• Motivate the Elephant: “What looks like laziness is often exhaustion. The Rider can’t get his way by force for very long. So it’s critical that you engage people’s emotional side—get their Elephants on the path and cooperative.” (p. 17)
  • Shape the Path: “What looks like a people problem is often a situation problem. When you shape the Path, you make change more likely, no matter what’s happening with the Rider and Elephant.” (p. 18)



  • Make sure that The Rider knows where he’s going and that he doesn’t lose sight of his target.
  • Ensure that The Elephant is motivated, thinks he can do it, and knows how to do it.
  • Support these elements by removing any barriers along the way.

How does it work in practice?

1. Direct the Rider

To direct The Rider’s part to anyone’s mind:


Pointing in the right direction means establishing a vision, a purpose, or a goal of the journey. Everything is easier when one knows where they need to go. In CX terms, I’ve seen this done in two ways. Most of the companies have a CX metric target, no matter if the metric itself is NPS, CSAT or any other.

The second thing that works well for a lot of companies is a customer experience intent statement. This is not something that you will necessarily achieve. Your customer experience intent statement is rather your North Star to follow; the criteria against which you will evaluate all of your decisions related to CX. As Annette Franz puts it in this excellent post, your customer experience intent statement is your answer to this question:

“What do you want customers to feel as they interact or transact with your brand?”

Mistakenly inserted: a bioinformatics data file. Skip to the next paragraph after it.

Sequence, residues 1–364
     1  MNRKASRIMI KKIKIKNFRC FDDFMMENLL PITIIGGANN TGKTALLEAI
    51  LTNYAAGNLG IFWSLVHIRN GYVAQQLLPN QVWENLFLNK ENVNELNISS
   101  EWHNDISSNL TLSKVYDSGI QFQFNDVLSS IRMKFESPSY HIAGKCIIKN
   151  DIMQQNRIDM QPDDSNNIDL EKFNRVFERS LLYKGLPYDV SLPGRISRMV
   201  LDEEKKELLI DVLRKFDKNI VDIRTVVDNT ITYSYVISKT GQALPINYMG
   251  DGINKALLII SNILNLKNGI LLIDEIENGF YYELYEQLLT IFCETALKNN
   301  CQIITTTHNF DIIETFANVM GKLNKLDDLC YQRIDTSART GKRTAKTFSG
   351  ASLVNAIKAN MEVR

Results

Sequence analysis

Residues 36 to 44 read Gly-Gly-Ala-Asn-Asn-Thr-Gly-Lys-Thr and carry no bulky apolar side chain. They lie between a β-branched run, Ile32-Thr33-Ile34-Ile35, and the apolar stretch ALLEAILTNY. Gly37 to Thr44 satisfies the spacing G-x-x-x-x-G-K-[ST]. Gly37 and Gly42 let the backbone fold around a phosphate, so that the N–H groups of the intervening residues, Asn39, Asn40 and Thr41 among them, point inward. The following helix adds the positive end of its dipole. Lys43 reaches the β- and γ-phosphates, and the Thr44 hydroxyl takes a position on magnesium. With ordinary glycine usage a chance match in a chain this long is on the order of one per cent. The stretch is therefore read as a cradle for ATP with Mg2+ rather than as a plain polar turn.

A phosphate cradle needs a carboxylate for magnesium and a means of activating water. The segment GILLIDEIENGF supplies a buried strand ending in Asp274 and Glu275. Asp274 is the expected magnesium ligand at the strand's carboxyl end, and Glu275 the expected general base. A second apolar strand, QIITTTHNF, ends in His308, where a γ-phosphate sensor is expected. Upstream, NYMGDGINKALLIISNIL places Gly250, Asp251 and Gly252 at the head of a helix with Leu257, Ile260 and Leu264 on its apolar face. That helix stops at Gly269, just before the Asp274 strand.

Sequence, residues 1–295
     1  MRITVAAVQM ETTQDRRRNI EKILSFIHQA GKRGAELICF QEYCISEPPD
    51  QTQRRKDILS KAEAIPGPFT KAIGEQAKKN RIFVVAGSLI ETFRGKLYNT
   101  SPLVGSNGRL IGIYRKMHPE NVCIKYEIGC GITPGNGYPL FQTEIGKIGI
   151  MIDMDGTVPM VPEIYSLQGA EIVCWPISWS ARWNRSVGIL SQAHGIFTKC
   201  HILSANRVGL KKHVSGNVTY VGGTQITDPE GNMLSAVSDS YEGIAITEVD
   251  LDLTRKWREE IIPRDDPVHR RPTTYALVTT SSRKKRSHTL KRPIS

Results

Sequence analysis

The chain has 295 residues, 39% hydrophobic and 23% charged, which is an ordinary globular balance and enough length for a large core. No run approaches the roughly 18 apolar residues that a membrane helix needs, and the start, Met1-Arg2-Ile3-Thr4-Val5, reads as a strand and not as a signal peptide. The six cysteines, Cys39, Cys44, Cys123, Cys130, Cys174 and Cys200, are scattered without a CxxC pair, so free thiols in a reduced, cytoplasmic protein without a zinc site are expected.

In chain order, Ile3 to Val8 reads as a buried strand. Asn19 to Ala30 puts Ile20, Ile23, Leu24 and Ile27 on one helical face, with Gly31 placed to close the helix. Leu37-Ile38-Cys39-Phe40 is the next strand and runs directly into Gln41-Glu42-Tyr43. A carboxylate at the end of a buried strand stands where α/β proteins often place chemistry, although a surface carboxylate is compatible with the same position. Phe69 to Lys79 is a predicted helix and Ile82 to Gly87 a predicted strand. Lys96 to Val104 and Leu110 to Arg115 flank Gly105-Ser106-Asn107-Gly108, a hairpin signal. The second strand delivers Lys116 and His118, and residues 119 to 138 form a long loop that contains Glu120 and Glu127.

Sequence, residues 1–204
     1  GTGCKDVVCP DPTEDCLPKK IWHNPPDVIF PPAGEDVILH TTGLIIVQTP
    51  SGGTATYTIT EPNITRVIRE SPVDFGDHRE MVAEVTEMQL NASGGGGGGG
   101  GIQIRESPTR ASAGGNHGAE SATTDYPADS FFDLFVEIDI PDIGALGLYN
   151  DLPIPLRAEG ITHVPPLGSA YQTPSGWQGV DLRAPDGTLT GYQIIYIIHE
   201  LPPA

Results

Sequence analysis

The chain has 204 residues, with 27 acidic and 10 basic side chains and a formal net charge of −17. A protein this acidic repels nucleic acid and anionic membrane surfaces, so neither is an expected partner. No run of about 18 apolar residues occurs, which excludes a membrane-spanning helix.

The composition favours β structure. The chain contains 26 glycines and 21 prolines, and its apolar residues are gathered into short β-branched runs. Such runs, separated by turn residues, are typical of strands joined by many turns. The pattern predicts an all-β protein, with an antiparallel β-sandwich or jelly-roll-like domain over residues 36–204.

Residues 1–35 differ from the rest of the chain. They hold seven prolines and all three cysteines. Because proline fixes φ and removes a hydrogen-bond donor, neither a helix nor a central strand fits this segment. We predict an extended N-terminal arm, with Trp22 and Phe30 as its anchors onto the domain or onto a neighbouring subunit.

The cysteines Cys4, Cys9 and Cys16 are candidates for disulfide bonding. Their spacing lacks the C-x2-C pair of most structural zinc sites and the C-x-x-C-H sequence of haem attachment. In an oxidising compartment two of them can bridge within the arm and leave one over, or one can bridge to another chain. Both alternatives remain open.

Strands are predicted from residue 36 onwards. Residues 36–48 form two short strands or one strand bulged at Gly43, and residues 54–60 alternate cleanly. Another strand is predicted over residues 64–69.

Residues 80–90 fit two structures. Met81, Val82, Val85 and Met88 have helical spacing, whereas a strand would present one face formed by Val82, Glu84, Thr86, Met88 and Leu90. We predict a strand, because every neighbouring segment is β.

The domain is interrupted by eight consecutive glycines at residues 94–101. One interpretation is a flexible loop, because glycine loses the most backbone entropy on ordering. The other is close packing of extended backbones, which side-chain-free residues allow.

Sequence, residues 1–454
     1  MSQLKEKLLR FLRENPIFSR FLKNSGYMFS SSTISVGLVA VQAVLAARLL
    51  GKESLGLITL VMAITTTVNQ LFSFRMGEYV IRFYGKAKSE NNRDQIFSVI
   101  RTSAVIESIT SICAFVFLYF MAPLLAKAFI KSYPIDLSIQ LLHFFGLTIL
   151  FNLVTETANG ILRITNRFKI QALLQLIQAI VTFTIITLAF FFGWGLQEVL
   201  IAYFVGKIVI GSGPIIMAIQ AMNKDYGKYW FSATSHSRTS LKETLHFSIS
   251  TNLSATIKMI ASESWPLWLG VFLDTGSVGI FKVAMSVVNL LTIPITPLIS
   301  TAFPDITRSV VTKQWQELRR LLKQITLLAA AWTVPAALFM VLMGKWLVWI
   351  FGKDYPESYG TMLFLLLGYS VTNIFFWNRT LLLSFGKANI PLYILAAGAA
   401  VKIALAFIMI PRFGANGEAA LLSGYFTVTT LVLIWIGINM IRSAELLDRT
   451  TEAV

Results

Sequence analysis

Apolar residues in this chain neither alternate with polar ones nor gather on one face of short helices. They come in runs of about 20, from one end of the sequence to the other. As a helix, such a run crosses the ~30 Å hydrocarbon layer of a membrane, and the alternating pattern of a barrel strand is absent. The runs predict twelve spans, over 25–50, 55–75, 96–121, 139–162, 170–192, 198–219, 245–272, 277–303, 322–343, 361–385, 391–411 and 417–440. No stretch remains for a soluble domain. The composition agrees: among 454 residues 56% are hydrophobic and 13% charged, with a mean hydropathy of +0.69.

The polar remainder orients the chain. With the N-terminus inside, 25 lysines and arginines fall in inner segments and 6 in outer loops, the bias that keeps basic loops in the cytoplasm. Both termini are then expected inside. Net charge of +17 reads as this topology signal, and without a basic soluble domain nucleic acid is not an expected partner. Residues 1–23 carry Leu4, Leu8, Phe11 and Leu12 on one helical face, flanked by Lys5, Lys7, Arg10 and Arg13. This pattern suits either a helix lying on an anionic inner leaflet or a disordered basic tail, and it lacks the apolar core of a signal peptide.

The second thing you can do to direct The Rider is to script the critical moves. In the CX world, this is a great advice for anyone working with the people in the front lines to deliver great customer experience. The idea behind it is rather simple – think in terms of specific behaviors.


Signify, a leader in lighting manufacturing, has a very well documented and detailed close-the-loop process with Detractors they follow each quarter:

  • Customer Satisfaction Managers call back identified Detractors within 72 hours of survey completion. This is a specially assigned role to someone from the senior management team, who is able to send across the message about feedback importance. They also have the distance from sales representatives to have an open conversation and identify the root cause of the problem.
  • Within 2 weeks the team does market deep-dives to understand common issues for customer groups
  • Special improvement initiatives are launched to solve the most pressing issues. These can be short-term actions, such initiating additional meetings to improve communication with a disgruntled key account or longer-term multi-team initiatives, such as reorganizing online product catalogues to improve their usability
  • At the end of the quarter, improvement results are communicated back to client stakeholders
    The Speed to First Callback after survey completion and the number of improvement initiatives are closely followed as internal KPIs.


The third thing that helps direct The Rider is finding what already works and replicating it. As a CX professional, this could mean a number of things. On one hand, you can look for good examples that have been proven to work in other companies and pilot them in your situation. A very effective practice in this direction is creating success stories to help with the scale up of a CX program.